DOCTOR James Read, a Canadian Salvationist and academic who has given decades of distinguished service to The Salvation Army, has been awarded the movement’s highest honour, the Order of the Founder. Acting on behalf of General Brian Peddle, Commissioner Floyd Tidd (Territorial Commander, Canada and Bermuda Territory) admitted Dr Read to the order in a ceremony at the College for Officer Training in Winnipeg, Canada.
The award’s citation explained that the doctor was being admitted to the Order of the Founder in recognition of ‘his outstanding contribution to education, leadership and teaching in relation to theology and moral and ethical issues in the international Salvation Army’.
Dr Read completed his doctoral studies in philosophy at UCLA (University of California, Los Angeles) in the USA, taught at public universities in Tennessee and Ohio, and eventually returned to Canada in 1982 to help establish The Salvation Army’s Catherine Booth Bible College, now Booth University College. In 1994, he founded The Salvation Army Ethics Centre, from where he is now retiring as executive director, and in 2008 he became a senior policy analyst for the newly formed International Social Justice Commission. He also served as chair of the International Moral and Social Issues Council, which is based at International Headquarters.
‘Christians may not have all the answers to all the dilemmas today, but disengagement is not an option for us,’ said Commissioner Tidd as he admitted Dr Read to the Order of the Founder. ‘We thank you for that reminder.’
Alongside his professional work, Dr Read – with his wife, Laurie – is active at his home corps (church), Heritage Park Temple in Winnipeg, and served for many years as corps sergeant-major.
In a letter to Dr Read, the General wrote: ‘Your service in various aspects through the years has been demonstrative of whole-life discipleship as you have combined your faith and academic work. You have helped The Salvation Army work out what it means to act justly, love mercy and walk humbly.’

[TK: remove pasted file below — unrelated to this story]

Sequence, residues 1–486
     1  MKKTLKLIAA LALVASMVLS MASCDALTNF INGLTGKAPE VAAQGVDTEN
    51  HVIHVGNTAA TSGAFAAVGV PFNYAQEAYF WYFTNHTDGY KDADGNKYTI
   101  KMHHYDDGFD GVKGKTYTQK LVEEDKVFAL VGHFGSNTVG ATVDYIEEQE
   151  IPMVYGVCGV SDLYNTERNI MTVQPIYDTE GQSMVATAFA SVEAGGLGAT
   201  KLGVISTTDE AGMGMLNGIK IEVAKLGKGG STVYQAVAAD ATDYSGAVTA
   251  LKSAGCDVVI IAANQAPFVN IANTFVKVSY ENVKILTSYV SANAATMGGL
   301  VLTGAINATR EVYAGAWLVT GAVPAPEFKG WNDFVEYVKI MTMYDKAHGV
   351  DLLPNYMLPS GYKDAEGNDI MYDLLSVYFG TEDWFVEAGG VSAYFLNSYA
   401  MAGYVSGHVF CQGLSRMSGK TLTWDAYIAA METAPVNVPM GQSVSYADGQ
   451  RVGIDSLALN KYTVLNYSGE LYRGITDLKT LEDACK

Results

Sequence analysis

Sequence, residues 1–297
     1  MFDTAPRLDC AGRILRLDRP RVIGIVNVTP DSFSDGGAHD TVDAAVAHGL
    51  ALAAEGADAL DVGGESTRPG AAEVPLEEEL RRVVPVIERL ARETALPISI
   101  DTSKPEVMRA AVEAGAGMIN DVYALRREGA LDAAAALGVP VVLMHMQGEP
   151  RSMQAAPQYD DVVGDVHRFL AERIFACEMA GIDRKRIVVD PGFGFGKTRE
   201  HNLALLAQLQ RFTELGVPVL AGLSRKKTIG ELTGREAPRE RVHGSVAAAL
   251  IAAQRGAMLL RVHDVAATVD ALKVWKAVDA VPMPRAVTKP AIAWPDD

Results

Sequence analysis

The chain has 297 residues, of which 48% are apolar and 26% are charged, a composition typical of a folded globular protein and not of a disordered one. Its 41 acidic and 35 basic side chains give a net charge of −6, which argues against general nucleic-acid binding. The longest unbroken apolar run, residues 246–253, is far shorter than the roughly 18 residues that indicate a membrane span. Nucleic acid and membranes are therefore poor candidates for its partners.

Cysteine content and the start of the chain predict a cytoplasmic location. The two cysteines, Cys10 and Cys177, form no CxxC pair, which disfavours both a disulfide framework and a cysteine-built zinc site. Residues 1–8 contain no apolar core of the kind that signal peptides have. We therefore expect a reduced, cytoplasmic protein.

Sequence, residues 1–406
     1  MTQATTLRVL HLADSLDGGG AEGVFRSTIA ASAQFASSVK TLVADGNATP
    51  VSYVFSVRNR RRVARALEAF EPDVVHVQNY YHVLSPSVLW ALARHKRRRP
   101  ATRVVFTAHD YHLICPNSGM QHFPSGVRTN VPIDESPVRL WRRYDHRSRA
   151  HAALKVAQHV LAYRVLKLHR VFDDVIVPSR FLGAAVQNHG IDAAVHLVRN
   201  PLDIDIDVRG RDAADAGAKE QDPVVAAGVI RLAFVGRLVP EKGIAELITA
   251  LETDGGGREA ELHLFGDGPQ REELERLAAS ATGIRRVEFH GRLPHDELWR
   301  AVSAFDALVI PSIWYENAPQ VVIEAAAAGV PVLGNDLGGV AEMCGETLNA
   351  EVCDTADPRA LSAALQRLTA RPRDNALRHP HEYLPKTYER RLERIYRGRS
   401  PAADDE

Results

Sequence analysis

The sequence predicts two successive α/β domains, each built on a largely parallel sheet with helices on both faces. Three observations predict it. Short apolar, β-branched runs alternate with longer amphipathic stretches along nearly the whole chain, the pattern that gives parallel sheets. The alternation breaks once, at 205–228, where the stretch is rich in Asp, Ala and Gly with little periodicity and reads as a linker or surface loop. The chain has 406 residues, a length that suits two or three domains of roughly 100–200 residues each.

Accepting the honour with ‘enormous gratitude’, Dr Read shared the apostle Paul’s words from Philippians 4:8: ‘Finally, brothers and sisters, whatever is true, whatever is noble, whatever is right, whatever is pure, whatever is lovely, whatever is admirable – if anything is excellent or praiseworthy – think about such things.’
Reflecting on the importance of the word think in that passage, Dr Read described The Salvation Army at its best as ‘reflective practitioners’. He added: ‘We are active, we are “roll up the sleeves”, we are in there, we are engaged. But it’s an engagement that’s backed by a deep thinking and analysis, an appreciation of what is true.’
The Order of the Founder was instituted by General Bramwell Booth in 1917 to mark ‘outstanding service rendered by officers and soldiers such as would in spirit or achievement have been specially commended by the Founder [General William Booth].’
Report by Kristin Ostensen